Part 1: Illicit Inflows: Are They the Remedy for Illicit Outflows?
June 2nd, 2010
June 2nd, 2010
When determining the amount of money that flows out of developing countries, a question naturally arises once the calculations are complete: “Why do some of these countries have huge negative outflows?” If outflows are measured as positive figures, negatives must indicate inflows. So are developing countries really recipients of huge swaths of cash, brought in through illicit channels? If these inflows were legitimate and intended to help alleviate the damage done by illicit outflows, developing countries shouldn’t need quite so much foreign aid from the wealthier countries of the world. Plus, they should be able to pay off all that odious outstanding external debt. Unless, of course, this evidence of inflows is just some data error. Perhaps these countries don’t have their books in order and the numbers they report, or fail to report, don’t jive with reality? This is possible, but unlikely when the evidence of inflows is in the range of billions of US dollars. Data discrepancies aside, suppose the data are good and these recorded illicit inflows are legitimate. Does it make sense to let the amount of illicit inflows be subtracted from the illicit outflows for a net estimate of illicit money moving into or out of a country?
It’s easy to come up with an explanation for why someone in a developing country might want to send money abroad. Political instability, poor economic performance, and inefficient capital markets in the home country all discourage domestic saving or investment. Macroeconomic instability might foreshadow a decreasing value of the country’s currency, so residents would want to keep their assets in a foreign, more stable currency, such as the Euro or US dollar. Investment in foreign assets is an option for developed country residents who want to diversify their portfolio (as if to take advantage of better interest rates than domestic offerings or to minimize risk across their portfolio), but is generally not an option for residents of developing countries due to restrictions on foreign investment. Moreover, some developing country governments offer large incentives in order to entice foreign investment into their countries for future development, even offering guarantees on the foreign debt, while there are few incentives and few guarantees for domestic investors. For residents with shady morals, tax evasion is an obvious and well known reason to stash their cash abroad. Similarly, if a country has capital controls, such as limits on how much money may be exchanged for foreign currency or transferred abroad?as is the case in most developing countries, illicit channels are the only ways to fully skirt these controls.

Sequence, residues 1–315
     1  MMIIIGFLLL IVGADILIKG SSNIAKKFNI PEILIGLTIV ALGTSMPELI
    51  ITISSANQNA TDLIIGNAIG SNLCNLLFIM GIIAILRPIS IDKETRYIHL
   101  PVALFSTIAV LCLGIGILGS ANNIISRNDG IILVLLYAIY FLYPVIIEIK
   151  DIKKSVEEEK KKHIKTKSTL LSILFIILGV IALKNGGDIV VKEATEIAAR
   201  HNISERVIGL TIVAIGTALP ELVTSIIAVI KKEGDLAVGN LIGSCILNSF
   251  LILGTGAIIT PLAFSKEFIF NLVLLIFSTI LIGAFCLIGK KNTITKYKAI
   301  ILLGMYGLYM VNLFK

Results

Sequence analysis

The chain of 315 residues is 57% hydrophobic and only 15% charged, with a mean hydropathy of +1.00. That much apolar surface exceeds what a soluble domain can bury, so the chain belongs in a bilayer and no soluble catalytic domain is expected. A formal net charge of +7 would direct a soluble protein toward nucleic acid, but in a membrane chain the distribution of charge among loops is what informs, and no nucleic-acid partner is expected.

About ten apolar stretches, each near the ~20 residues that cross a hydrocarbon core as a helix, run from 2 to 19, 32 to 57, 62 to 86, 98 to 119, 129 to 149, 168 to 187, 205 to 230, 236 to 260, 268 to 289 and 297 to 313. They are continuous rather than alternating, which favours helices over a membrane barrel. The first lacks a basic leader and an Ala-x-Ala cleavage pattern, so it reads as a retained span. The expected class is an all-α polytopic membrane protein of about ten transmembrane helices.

With these driving motivations for developing country residents to send money out, coupled with incentives to bring money in from abroad through official channels as foreign direct investment, what possible reason could someone in a developing country have to bring money in through illicit channels, under the government radar? Additionally, once the money is successfully sneaked in, it’s unlikely that the illicit inflows will be declared as income and given over to the government in income taxes. Nor is it likely that those who bring the money in through illicit channels will be putting the money toward efforts to help develop and stabilize the economy. Only two uses come to mind. Neither of them is good for the official economy. Neither would offset the detrimental effects of the illicit outflows. Neither suggests that it would be reasonable to let this evidence of inflows wash out any evidence of outflows (as if one flow is good and the other flow is bad). In fact, both uses encourage me to think that to properly capture the damage done to developing countries by illicit flows one would need to add the two flows together, not let them wash each other out…
Coming soon (tomorrow), the exciting conclusion where everything is revealed! Stay tuned.